My only experience with maemo comes from my old n800. I have to say I wasn't a big fan. The hardware had some nice features but the software interface was not well suited to touch.
OLPC's sugar is an interesting one. That is genuinely different (if perhaps not unique) and is highly targeting their realistic audience (unlike GS's absurd personas).I tried sugar a few years ago and had some issues with it but, overall, that seemed a genuine advance in thinking. I also liked the old moblin interface (back when it was based on clutter and gtk). They were using categories at the top and interesting symbolic icons, along with developing their own toolkit (mx). If you haven't tried it you might be surprised (it was always buggy, though).
The problems I had in mind with Gnome/KDE/Enlightenment/Unity/etc is their completeness. You HAVE to have graphical sysadmin tools (even if not intended for enterprise) b/c problems will occur and clis, as they are generally made now, are just not discoverable (a few exceptions are fish and final term, along with an older project from Colin Waters that built a shell that made heavy use of python instead of bash and had significant graphical capabilities---those projects are all pointing the way to the future of graphical clis and the ideas really need to be brought to fruition).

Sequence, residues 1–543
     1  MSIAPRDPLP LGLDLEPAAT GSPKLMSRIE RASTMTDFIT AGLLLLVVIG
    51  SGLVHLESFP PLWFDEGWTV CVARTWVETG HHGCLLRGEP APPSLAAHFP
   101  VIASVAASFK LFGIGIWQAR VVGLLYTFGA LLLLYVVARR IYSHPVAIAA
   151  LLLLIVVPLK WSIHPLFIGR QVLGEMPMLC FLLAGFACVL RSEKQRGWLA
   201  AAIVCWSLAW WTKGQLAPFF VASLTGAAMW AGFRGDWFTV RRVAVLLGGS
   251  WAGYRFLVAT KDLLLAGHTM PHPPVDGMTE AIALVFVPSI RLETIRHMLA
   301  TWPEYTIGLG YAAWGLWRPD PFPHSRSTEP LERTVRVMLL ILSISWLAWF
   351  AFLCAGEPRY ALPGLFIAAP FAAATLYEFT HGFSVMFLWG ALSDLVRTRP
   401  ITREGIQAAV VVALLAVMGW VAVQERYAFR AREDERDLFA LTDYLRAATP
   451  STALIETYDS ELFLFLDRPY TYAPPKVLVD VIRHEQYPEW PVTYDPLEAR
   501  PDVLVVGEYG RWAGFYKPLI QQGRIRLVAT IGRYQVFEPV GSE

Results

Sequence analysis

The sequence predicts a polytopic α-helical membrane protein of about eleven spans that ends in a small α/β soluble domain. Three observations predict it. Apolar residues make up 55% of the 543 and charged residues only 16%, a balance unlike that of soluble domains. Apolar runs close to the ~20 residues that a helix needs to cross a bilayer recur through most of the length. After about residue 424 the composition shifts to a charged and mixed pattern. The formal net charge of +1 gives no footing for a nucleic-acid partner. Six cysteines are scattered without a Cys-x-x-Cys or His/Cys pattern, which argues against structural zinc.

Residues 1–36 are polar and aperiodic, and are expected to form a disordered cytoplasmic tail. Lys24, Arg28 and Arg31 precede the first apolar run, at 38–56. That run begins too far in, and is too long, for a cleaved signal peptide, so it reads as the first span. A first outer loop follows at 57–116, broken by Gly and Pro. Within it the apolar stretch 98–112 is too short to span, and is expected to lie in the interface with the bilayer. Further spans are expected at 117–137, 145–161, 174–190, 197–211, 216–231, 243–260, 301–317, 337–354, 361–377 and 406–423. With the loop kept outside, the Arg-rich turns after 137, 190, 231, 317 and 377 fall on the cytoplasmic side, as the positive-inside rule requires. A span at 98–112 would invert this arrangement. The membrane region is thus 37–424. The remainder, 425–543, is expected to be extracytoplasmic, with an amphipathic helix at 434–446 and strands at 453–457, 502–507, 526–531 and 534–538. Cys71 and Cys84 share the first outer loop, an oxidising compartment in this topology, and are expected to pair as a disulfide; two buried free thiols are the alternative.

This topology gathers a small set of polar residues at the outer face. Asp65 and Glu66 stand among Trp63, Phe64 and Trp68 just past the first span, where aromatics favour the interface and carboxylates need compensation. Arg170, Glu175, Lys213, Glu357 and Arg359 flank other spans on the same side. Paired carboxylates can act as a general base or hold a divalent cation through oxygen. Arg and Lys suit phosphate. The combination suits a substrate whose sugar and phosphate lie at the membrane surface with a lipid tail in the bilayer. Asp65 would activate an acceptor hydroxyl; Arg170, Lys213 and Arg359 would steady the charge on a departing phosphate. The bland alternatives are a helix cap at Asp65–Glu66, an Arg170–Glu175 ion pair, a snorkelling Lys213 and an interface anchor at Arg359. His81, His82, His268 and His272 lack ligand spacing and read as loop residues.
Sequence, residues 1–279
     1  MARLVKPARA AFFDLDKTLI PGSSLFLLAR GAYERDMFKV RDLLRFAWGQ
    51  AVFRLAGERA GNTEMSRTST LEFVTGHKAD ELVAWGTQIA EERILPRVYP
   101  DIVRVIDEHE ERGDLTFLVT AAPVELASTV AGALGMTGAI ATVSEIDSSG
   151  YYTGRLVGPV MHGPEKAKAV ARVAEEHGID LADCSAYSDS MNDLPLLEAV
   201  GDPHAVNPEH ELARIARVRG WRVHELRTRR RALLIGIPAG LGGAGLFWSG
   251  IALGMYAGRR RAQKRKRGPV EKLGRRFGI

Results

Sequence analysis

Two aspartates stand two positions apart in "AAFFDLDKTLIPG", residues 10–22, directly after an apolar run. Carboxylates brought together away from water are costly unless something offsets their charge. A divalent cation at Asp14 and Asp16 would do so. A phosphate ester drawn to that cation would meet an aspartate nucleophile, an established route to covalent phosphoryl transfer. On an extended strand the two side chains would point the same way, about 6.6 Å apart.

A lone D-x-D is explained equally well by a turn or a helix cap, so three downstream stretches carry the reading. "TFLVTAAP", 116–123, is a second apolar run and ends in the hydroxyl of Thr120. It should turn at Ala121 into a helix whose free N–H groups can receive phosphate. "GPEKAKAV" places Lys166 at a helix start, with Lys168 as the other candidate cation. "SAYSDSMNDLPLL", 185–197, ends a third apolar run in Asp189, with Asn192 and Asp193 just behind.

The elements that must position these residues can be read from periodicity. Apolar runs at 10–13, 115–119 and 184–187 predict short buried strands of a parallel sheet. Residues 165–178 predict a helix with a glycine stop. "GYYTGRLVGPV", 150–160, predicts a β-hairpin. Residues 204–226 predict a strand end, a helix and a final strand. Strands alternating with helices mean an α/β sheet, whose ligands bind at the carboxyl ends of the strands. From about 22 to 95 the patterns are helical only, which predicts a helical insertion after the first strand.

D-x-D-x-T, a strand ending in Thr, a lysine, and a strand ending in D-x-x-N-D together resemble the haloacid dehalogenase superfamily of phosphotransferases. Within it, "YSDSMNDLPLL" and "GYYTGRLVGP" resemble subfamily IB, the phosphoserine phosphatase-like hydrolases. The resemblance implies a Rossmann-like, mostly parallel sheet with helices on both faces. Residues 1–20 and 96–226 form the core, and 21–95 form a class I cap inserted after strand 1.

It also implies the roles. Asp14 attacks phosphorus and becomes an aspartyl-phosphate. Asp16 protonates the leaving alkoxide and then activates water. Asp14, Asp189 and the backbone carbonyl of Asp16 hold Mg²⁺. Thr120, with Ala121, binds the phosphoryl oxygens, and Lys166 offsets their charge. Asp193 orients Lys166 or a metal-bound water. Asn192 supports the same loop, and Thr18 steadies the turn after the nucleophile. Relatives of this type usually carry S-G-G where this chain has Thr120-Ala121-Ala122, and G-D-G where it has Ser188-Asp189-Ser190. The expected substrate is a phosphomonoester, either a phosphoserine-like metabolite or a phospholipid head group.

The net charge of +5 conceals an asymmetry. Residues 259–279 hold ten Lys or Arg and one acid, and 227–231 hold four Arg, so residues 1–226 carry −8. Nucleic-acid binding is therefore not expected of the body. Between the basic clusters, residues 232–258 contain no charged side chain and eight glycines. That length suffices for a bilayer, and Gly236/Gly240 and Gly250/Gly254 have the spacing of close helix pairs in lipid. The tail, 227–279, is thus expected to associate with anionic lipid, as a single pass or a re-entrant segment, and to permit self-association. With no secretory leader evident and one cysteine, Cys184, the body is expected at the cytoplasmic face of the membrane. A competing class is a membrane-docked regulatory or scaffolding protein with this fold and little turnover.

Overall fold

I haven't played with metro as much. My biggest concern is the "root-less" aspect of moving around. I believe you need a root to move from. A "homescreen" is a great way to act as a launchpad to activities. Eventually I'd love to move away from even that, but, for now, the rootless aspect of metro bugs me. To be clear, when I say rootless I am referring to the homescreen being something that you freely move side to side (I'm not a big fan of side-to-side screen movement b/c it leaves you disoriented and without a fast way to return to a specific place) without a SINGLE frame that acts as HOME. Rather it is home extended across a navigable strip of uncertain length.
That nit aside, metro is incredibly interesting and I think it could be pointing a way forward.
OSX works well, but they've really stagnated over the last five or so years. Expose was a really nice idea, as was quicksilver (not apple's invention, but still developed FOR osx) but other than those I struggle to think of very useful, and unique, ui elements.